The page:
Disparate Visions at JayJay By Victoria Dalkey Bee Art Correspondent Published: Friday, Oct. 3, 2014 – 12:00 am Both are abstract painters, but that’s where the similarities between Mark Emerson Read more
Submerge Magazine: Issue 159 (April 7 – April 21, 2014)
Michael Sarich’s visual diaries at JayJay By Victoria Dalkey Bee Art Correspondent Published: Thursday, Apr. 3, 2014 – 4:00 pm Mickey Mouse, the Wal-Mart Smiley Face, the Devil Girl Tattoo, Read more
David Wetzl @ JayJay A widely shared expectation for artists is that they reflect the historical moment they inhabit. But for painter David Wetzl that’s never been enough. Wetzl accepts Read more
Consciousness as colorful art By Victoria Dalkey Bee Art Correspondent Published: Thursday, Feb. 13, 2014 – 6:23 pm David Wetzl is one of the most intriguing artists to have emerged Read more
By Victoria Dalkey Bee Art Correspondent Published: Friday, November 29, 2013 Joan Moment and Roger Berry, two of Sacramento’s top abstractionists, share the space at JayJay this holiday season. Moment Read more
A Moment in Time By Marc Weidenbaum Published in October/November Issue Sactown Magazine Artist Joan Moment reflects on an upcoming Sacramento exhibit and six decades of adventurous art, including landing Read more
Michael Stevens and Suzanne Adan @ JAYJAY By David Roth Published Oct. 13, 2013 SquareCylinder.com If you’ve ever been betrayed, double-crossed, disappointed or threatened with violence, chances are Michael Stevens Read more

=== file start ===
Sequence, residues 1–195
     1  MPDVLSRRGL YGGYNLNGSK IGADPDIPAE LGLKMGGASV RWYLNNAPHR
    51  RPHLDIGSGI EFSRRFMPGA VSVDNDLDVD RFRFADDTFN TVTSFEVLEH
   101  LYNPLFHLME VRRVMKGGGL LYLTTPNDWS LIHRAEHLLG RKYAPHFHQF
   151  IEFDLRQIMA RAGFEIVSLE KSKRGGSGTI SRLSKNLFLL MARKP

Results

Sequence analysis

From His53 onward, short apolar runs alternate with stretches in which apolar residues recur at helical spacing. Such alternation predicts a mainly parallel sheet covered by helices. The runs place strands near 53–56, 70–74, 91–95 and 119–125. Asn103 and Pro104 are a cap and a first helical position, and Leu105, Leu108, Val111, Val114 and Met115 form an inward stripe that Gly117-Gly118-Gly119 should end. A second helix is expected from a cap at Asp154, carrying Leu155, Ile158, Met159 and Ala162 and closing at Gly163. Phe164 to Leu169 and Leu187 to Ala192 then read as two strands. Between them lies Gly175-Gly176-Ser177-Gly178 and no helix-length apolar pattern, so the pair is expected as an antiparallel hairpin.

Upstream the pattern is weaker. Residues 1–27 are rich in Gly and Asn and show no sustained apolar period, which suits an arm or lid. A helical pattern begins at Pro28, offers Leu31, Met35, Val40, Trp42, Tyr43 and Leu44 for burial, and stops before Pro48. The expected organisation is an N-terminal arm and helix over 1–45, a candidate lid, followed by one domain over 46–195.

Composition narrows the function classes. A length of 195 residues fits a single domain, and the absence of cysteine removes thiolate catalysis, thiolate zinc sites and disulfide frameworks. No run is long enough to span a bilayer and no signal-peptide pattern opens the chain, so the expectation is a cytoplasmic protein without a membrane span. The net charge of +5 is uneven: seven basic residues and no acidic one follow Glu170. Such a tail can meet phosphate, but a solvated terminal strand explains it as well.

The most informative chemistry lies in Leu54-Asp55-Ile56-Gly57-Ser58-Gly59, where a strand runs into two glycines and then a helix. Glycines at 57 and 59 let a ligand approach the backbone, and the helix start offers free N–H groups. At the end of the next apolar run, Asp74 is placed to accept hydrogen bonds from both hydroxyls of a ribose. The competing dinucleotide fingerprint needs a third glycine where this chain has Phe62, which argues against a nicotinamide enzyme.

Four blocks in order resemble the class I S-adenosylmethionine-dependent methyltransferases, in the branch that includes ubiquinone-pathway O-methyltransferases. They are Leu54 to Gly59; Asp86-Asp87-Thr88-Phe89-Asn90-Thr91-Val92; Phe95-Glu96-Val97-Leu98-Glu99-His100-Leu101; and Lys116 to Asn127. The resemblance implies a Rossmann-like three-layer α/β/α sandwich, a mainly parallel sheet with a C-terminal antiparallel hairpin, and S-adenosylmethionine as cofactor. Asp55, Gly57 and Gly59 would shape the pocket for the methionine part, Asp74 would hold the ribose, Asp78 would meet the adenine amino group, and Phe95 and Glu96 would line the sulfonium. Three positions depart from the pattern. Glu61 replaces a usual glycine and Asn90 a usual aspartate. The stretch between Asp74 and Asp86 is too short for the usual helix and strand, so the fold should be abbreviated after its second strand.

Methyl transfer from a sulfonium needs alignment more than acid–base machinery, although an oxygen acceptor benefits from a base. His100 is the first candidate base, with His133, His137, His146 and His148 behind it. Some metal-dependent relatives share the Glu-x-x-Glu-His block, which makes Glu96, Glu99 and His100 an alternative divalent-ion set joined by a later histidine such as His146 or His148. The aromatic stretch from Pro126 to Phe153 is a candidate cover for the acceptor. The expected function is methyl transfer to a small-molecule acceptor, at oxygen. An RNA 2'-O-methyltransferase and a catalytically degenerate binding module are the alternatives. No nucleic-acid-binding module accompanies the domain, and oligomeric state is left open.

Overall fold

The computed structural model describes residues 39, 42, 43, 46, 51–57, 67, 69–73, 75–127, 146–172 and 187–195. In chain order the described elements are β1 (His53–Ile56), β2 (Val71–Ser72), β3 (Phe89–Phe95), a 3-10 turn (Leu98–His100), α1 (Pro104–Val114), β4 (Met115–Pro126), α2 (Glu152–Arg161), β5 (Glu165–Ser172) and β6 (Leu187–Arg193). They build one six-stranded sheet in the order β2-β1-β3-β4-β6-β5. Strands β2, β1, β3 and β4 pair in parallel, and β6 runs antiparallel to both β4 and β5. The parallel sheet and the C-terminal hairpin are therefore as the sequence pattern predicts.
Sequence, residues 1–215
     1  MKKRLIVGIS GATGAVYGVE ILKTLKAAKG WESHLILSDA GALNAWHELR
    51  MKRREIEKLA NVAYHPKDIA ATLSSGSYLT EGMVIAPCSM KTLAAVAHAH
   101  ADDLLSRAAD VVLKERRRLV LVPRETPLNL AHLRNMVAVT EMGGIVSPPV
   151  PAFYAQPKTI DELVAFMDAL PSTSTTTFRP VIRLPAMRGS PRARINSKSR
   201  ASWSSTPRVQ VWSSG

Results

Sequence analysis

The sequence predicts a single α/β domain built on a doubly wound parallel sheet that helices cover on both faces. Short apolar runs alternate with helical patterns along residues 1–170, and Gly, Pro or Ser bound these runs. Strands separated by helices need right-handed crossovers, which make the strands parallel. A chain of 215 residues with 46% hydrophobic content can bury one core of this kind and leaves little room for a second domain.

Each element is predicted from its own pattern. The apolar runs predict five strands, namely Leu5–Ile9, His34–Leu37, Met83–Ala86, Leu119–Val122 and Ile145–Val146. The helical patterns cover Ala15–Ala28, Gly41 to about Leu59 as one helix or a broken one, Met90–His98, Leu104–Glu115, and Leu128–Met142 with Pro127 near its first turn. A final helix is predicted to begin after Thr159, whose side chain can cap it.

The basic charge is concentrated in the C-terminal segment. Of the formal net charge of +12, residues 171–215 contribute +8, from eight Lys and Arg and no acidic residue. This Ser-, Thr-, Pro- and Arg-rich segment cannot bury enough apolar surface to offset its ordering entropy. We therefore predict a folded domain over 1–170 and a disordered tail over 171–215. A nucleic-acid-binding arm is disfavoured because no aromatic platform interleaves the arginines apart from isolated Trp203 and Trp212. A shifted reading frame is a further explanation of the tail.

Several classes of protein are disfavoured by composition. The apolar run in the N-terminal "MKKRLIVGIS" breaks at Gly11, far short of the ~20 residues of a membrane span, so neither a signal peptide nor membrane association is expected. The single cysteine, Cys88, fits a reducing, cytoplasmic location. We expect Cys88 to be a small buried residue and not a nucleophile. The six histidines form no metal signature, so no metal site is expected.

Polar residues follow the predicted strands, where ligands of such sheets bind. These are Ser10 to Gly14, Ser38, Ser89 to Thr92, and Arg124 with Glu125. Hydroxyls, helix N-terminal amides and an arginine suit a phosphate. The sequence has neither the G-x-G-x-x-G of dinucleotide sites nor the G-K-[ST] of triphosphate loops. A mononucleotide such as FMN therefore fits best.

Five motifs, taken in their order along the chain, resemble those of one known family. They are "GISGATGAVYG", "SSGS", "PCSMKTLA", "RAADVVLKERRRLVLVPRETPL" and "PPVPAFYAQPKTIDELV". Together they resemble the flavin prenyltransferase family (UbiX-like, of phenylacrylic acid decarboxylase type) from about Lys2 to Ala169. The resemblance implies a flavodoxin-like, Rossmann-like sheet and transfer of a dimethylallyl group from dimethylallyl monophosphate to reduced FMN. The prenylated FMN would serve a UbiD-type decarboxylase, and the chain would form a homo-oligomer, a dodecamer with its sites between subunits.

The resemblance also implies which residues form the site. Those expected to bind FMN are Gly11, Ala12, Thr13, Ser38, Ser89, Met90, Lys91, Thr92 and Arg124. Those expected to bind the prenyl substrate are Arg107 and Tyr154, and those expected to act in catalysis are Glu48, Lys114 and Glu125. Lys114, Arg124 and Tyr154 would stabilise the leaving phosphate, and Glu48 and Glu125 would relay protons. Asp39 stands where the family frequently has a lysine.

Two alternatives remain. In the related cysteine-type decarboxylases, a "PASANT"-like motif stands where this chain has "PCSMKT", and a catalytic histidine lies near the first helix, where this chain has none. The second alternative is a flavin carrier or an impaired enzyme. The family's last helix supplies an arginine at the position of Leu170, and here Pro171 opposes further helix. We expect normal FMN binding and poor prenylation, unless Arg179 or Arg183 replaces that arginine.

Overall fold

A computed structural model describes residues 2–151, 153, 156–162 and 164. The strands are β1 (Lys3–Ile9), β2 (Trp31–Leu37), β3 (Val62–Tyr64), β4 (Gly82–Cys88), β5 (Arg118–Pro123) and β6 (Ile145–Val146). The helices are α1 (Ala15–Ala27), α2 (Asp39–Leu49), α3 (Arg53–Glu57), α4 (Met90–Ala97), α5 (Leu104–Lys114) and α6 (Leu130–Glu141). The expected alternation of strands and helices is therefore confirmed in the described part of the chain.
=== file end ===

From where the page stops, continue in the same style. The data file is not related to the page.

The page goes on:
Victoria Dalkey: At JayJay, a marriage of the eccentric narrative art By Victoria Dalkey Bee Art Correspondent Published: Thursday, Sep. 26, 2013 – 12:00 am Adan’s “Sugar Daddy” juxtaposes paint-by-number paintings of Read more
Featured piece: Central Park, New York City Sky No.3, by Stuart Allen.
The composition is composed of 9 pixels. The only colors that the work relies on are varying shades of grey. Grey is one the most elusive colors because it can be seen as the most flat and neutral tone. This is an inspection that occurs on the surface. We want to believe that minimalist art exists somewhere on the exterior. What we see is what we get, and with that said it is presumed that the reading of the work offers an instantaneous and immediate delivery. As with most things nothing is truly what it seems. When we as viewers clear out any baggage that is brought to the work, we are able to articulate visual art with a brand new set of eyes.
The optical restart button is pushed, and nine squares of grey reveal ulterior worlds that exist beyond what we once believed were obvious. No color is ever particularly true to itself, and the color grey is no exception. When we meditate on this piece, what seems flat and cold, presents warmth that radiates on the color’s surface. Our eyes dash in between each iteration, as it is almost entirely impossible to focus on a single square. The eye attaches itself to numerous patterns that filter in and out of connectivity; defined by subtle differences, they defy preconceived notions. Through simplicity, we are able to view the work from the inside out; an introduction to a barrage of possibilities.
For a closer look at, Central Park, New York City Sky No.3, as well as other works by Allen, visit JAYJAY, Wednesday – Friday 11-4.
5524 B Elvas Ave.
Sacramento, CA 95819
Gallery Hours 11am-4pm or by appointment